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Giofreffo Cappa

(b Saluzzo, 1644; d 1717)

Until recently, Gioffredo Cappa was generally believed to have been a pupil of Enrico Catenari, but current scholars consider this unlikely. What is clear from his work is that he was heavily influenced by the Amatis, the leading violin makers of his day. In the 19th century Cappa was thought to have been an Amati pupil, and this goes some way to e

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Giofreffo Cappa

Until recently, Gioffredo Cappa was generally believed to have been a pupil of Enrico Catenari, but current scholars consider this unlikely. What is clear from his work is that he was heavily influenced by the Amatis, the leading violin makers of his day. In the 19th century Cappa was thought to have been an Amati pupil, and this goes some way to explain the frequency of Amati labels in Cappa’s instruments.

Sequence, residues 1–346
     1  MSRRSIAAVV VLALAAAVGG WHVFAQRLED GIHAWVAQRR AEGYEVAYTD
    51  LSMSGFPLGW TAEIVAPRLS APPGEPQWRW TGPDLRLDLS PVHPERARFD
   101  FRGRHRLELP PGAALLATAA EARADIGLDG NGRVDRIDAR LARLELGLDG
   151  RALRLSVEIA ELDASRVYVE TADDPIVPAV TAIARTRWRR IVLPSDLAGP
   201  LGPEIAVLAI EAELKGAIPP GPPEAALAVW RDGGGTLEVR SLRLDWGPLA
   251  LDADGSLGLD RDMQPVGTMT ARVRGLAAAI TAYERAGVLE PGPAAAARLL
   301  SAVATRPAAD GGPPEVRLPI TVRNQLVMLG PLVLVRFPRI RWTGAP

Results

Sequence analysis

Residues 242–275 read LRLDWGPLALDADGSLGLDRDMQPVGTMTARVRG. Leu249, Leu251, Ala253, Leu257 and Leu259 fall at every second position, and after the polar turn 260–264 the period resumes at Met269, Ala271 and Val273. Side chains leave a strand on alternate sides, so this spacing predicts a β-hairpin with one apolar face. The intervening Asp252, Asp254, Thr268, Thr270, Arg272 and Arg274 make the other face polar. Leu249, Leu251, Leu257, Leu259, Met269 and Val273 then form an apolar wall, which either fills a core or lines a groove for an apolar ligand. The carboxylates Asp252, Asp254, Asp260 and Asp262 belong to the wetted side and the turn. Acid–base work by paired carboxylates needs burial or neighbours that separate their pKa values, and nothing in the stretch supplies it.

In Cappa’s early work the ribs are often set into the back in the style of the Dutch and Flemish makers of the time. His later instruments, however, owe a distinct debt to Cremona, although they seldom match the refinement of Cremonese work.

The theory that he was assisted in his later years by two apprentices, Spirito Sorsana and Giovanni Francesco Celoniati, is contradicted by the work of those two makers, which bears little resemblance to Cappa’s style.

Instruments by Giofreffo Cappa